Is your degree going to provide you the boost you expect?
A college degree has always been regarded as a starting point to a rewarding future, but that seems to be less the case these days. Here we take a look at which degrees have more people working in careers that don’t really require the degree.
Something that comes up often in conversations about careers and education is
unemployment. Will this degree get me a job? Is this career going to have
openings when I’m done with school? And so on. These are all valid questions,
but often forgotten are the levels of underemployment present throughout the
job market. Is it worth getting a degree if, although you can get a job, that
job doesn’t make use of your years of time and money invested?
To try to answer this question, we began by looking at majors and seeing how
many holders of that degree are in jobs where less than 1/3 of their coworkers
have a bachelor’s degree.
In this chart, the larger the dot, the higher the number of people that have a
degree in that major relative to other majors, and the further to the right
the dot is, the more people are in jobs we define as underemployment. This
doesn’t consider whether people are employed in jobs that use their specific
degree, just that other people in their career have a lower level of education.
Underemployment by degree for workers with a bachelor’s degree.
2017 ACS microdata
Just looking at this gives us some insight into the trends for some broad
categories and shows us which of the majors break the trend. However, to really
understand where underemployment is an issue, we need to look at specific
degrees and the careers that people with that degree are going into.
Let’s consider one of the degrees that has higher underemployment and a fairly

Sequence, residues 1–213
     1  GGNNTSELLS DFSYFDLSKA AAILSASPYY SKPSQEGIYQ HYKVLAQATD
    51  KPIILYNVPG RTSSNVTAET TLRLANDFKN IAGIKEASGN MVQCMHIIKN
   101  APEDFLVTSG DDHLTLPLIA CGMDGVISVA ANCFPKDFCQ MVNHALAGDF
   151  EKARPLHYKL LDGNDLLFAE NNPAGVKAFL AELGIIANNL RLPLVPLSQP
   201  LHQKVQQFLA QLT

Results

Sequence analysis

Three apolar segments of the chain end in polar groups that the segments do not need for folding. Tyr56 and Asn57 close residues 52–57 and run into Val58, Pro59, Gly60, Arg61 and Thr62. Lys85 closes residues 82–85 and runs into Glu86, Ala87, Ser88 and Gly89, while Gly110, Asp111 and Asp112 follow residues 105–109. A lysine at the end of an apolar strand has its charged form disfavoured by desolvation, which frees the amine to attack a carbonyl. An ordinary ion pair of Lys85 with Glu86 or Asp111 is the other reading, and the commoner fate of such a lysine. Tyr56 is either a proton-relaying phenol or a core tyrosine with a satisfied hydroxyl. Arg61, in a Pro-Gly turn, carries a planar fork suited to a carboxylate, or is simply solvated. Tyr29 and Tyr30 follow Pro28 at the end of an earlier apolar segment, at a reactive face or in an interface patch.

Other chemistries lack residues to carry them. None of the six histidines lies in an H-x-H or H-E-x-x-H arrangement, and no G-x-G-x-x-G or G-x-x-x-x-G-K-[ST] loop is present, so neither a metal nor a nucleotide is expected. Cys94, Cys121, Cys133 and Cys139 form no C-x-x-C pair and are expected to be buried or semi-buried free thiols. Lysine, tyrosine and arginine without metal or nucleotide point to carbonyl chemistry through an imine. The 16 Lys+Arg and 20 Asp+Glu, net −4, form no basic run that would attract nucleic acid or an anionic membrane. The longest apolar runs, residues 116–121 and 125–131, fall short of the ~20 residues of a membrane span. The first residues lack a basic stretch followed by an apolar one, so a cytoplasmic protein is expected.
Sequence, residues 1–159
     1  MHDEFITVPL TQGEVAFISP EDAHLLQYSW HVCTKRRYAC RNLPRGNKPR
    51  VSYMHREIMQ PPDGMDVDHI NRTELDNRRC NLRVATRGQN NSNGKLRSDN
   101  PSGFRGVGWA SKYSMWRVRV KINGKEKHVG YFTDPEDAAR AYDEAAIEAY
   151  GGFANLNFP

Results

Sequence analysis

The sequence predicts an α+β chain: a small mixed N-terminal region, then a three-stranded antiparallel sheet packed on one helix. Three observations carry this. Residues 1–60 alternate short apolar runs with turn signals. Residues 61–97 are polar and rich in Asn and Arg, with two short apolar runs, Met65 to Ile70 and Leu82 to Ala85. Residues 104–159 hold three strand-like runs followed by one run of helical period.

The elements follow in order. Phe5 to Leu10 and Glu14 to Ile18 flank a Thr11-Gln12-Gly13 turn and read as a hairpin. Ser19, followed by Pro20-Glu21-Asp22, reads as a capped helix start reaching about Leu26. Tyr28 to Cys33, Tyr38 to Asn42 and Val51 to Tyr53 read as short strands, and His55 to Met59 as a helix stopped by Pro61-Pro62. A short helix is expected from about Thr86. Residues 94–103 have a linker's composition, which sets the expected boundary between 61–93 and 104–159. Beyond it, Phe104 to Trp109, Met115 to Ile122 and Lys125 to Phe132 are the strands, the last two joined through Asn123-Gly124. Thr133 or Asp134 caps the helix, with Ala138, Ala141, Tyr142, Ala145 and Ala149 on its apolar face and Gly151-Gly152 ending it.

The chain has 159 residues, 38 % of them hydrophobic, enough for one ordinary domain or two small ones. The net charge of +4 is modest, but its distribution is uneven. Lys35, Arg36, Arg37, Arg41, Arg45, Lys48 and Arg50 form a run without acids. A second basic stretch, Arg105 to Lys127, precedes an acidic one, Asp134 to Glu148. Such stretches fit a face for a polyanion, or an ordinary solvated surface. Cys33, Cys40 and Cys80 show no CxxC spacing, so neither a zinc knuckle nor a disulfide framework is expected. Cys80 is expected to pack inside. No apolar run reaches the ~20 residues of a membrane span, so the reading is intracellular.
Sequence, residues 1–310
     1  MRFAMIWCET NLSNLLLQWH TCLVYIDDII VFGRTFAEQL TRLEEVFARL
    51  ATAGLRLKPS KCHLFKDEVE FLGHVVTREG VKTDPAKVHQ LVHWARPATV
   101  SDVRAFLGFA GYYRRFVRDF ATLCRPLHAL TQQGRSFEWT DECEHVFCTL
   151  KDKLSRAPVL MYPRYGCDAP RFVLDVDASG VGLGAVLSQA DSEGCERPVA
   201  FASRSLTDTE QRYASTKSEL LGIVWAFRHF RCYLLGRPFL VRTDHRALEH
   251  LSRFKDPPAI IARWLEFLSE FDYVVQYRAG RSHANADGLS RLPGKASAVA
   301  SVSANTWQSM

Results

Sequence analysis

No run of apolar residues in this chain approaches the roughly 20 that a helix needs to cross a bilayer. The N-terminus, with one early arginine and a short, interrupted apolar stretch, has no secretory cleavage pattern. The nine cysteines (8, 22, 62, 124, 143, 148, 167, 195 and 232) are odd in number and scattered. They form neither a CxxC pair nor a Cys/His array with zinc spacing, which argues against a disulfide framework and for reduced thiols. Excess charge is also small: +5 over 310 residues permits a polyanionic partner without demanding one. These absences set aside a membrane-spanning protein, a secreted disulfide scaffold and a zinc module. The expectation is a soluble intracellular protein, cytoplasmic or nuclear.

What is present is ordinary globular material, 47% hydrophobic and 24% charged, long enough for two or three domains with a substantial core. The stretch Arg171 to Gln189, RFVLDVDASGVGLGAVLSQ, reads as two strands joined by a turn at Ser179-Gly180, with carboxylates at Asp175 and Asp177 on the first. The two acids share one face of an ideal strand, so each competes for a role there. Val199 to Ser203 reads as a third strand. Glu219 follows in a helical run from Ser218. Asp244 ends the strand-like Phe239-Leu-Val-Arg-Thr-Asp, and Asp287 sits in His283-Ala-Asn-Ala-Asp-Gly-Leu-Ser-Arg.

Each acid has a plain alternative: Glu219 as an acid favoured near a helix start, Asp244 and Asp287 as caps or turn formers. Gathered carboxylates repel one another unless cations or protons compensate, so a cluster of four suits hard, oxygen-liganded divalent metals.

large population, Criminal Justice and Fire Protection.
Careers for workers with a bachelor’s degree in the degree group Criminal Justice and Fire Protection.
2017 ACS microdata
Among people with this degree, 40% go into a career that doesn’t require a
bachelor’s degree. However, the top two careers that appear to not require a
degree still (by name, at least) seem related to the degree. Does this mean
that your degree is wasted if you go into that career? To answer that
question, we can look at the salaries of people in this career based on their
Salary by education level for Security Guards and Gaming Surveillance Officers.
2017 ACS microdata
While it’s true that many people with this career do not have a degree, those
that do see a pretty marked increase in salary. The takeaway here is that
even with a degree that has underemployment, having the degree can still make
a difference in the career that you choose.
If you have any doubts, though, we can help you find a major that you can be
sure will lead you to financial success in your career.
Use the interactive chart below to explore degrees. Selecting a degree will
display the corresponding careers where workers with that degree are employed.
Selecting a degree or career on the sankey will take you to the detail page
where you can learn more.
Select a degree to see where the graduates are working. Use the checkbox
below to see the data for young workers only.
Compare to only younger workers
Comparing with workers under 35 can give you insight into how this degree will help you early in your career
Find degrees in this broad program area
Then select a program dot or use this list
Business Management and Administration
Careers for workers with a bachelor’s degree in Business Management and Administration.
To determine salaries for bachelor’s-only workers in this study we required the
following of the person-level records: education at a bachelor’s and not graduate level,
age 65 or younger, and weekly work hours of 35 or higher.